You’d be forgiven for thinking that the 1966 World Cup was a London affair. After all, most of the big moments – like Bobby Moore wiping his grubby hands on the velvet drapes in front of the Queen before lifting the Jules Rimet trophy – are played out with a cast of southerners. Some of the most interesting stories, however, were played out in the North East.
Both Roker Park and Ayresome Park were great rattling relics of late Victoriana during the World Cup, the former built in 1897 and the latter in 1903. They could each cram in 40,000 supporters, so the FA decided to use them as the venues for Group Four’s games. That group included Italy, who’d won the World Cup twice and included greats like Gianni Rivera, the runner-up for 1963’s Ballon D’Or. They were among the favourites for the tournament when they arrived – The Times said they had ‘the cut and look of finalists’ – while fellow group members Chile were well-regarded outsiders.
Slightly more disquietingly, only three years after the Cuban Missile Crisis, the Soviet Union and its wayward cousin North Korea – which was yet to be recognised as a country by the UK – also arrived in the North East. There was such concern at their participation that a Foreign Office memo suggested denying the Korean players and staff visas on the grounds that their country didn’t officially exist, and plans for a commemorative World Cup stamp were shelved by the Royal Mail on the grounds that it would have included North Korea’s flag.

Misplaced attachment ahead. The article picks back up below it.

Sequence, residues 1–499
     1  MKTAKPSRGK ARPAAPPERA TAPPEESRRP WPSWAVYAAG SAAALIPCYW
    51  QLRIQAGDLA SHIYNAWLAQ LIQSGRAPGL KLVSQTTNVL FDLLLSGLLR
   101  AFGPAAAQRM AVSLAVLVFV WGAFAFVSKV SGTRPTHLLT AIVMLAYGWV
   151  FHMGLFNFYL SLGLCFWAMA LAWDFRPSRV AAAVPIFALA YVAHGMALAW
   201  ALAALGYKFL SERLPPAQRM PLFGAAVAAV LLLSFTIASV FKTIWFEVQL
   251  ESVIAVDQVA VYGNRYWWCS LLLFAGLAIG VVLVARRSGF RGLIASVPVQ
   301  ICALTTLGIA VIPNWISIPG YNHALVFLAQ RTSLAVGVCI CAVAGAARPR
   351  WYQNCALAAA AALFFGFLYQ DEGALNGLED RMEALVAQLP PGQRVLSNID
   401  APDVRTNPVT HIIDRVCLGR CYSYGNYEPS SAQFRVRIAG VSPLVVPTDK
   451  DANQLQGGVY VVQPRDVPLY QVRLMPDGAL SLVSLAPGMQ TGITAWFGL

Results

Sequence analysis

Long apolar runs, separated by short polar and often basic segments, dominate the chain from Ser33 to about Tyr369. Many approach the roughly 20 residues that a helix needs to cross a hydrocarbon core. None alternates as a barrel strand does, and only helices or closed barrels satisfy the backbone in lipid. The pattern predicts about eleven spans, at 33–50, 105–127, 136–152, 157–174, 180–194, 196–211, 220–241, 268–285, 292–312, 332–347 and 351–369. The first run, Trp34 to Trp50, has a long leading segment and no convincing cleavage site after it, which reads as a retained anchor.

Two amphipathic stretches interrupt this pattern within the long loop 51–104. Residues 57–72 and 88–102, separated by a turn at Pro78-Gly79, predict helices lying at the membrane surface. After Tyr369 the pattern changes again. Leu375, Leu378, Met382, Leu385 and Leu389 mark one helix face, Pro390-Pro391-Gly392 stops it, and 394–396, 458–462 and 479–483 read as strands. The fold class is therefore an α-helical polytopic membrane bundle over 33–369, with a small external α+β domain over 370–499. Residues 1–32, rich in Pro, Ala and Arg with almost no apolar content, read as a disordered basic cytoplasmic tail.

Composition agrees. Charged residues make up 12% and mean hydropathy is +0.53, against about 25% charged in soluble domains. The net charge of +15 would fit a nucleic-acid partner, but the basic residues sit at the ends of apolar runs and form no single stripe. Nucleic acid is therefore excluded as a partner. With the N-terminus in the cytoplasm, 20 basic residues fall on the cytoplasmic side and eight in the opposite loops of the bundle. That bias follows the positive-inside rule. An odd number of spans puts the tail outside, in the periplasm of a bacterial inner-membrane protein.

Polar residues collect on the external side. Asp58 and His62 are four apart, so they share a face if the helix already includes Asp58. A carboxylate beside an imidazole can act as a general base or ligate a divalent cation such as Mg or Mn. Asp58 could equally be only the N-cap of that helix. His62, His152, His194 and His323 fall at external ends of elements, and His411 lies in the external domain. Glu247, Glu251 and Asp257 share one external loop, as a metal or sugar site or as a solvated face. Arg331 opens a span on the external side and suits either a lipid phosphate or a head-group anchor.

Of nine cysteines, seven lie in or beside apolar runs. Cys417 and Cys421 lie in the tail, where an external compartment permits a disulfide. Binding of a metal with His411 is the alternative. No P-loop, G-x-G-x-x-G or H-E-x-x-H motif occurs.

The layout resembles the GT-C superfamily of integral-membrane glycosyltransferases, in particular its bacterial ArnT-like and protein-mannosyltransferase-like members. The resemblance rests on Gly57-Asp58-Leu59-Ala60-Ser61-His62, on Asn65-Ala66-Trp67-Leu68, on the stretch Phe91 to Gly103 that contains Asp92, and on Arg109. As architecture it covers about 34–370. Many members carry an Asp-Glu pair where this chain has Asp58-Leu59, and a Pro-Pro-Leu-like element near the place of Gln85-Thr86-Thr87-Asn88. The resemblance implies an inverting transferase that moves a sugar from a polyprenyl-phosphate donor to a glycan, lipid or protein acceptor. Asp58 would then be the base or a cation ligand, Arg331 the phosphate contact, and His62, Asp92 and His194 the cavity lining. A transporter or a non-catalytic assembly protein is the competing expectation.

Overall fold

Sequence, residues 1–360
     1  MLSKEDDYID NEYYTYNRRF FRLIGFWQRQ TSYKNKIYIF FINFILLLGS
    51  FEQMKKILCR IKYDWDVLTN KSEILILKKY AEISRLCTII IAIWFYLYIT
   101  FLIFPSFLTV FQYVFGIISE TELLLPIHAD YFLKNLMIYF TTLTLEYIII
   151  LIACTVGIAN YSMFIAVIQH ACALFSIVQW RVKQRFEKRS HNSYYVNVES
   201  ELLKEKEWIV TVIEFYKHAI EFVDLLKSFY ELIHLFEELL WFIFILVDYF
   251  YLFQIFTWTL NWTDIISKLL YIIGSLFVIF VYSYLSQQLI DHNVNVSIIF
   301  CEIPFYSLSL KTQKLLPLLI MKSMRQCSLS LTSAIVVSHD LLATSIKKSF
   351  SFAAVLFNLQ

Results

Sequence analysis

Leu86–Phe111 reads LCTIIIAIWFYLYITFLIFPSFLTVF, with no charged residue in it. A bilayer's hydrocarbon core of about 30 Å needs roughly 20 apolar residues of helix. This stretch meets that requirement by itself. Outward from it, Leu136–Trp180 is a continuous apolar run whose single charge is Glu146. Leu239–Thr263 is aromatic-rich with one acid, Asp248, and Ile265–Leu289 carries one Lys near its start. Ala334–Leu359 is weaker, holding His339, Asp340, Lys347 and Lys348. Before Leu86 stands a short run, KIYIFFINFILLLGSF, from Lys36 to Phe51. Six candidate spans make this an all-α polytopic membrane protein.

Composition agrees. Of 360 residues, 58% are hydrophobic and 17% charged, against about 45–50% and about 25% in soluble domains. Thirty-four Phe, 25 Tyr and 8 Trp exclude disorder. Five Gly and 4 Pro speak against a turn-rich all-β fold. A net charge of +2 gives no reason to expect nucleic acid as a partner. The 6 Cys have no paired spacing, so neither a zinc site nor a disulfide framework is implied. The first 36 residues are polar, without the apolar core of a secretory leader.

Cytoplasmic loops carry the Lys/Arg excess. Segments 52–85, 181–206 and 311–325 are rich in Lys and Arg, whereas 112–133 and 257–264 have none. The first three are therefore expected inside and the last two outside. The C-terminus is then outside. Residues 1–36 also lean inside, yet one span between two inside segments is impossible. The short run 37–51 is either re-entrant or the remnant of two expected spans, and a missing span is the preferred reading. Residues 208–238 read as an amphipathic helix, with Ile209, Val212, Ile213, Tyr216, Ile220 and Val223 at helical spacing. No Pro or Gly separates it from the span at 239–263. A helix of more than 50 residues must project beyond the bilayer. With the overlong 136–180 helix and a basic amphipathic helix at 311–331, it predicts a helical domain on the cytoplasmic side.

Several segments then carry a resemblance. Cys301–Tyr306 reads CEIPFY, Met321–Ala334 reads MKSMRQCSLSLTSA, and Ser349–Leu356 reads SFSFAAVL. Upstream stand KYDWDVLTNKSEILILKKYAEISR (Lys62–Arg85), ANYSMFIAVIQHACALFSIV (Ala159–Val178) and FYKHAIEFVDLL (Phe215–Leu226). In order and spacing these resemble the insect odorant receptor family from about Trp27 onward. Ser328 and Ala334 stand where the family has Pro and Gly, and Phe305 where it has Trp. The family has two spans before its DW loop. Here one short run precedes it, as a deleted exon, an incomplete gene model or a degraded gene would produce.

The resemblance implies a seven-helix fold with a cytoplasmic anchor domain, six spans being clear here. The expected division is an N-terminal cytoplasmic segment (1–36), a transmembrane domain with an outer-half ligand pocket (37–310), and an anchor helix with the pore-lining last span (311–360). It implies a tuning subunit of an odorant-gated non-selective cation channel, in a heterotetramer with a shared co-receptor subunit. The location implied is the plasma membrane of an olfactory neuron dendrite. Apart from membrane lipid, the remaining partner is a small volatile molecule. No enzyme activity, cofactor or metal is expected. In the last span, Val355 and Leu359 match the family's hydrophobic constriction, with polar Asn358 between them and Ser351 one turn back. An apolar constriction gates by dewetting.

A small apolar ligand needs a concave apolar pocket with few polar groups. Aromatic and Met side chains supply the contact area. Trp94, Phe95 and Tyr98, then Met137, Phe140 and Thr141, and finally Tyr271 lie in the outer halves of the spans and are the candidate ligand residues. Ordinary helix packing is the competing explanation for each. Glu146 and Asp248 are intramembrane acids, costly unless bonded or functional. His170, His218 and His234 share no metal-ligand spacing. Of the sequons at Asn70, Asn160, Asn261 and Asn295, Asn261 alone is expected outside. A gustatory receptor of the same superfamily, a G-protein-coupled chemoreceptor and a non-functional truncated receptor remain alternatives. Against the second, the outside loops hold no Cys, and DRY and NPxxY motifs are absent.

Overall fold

Nobody expected the Koreans to do much; even Prime Minister Kim Il-Sung had been circumspect in his encouragement. ‘Europeans and South American nations dominate international football,’ he told the team before they left Pyongyang. ‘As representatives of the Asian and African region, as coloured people, I urge you to win one or two matches.’ Billeted to the George Hotel, next to what was Teesside aerodrome, the North Korean team struggled to settle in.
Attitudes toward our guests were rather mixed, to begin with. A correspondent for The Times referred to the Korean team as ‘little orientals’ – the team’s average height was 5ft 5in – while a colleague dismissed their chances: ‘Unless the Koreans turn out to be jugglers, with some unexpected ploy like running with the ball cushioned in the crook of their necks, it looks as though Italy and the Soviets should have the run of the place.’
Indeed, that’s how it looked in the group’s first game, as the Soviets strolled past North Korea 3-0 at Ayresome Park in front of a sparse crowd. The North East’s reputation as a hotbed of footballing enthusiasm did not, it appeared, extend behind the Iron Curtain.
But about that time, something started to change. The North Korean team had been training outside the ICI chemical plant in Billingham, where 30,000 Teessiders worked. On their breaks, they watched the team practise and were impressed by their technical skill, modesty and politeness. By the time the team had presented Middlesbrough’s mayor, Jack Boothby, with an embroidered picture of a crane bird, the fondness was set.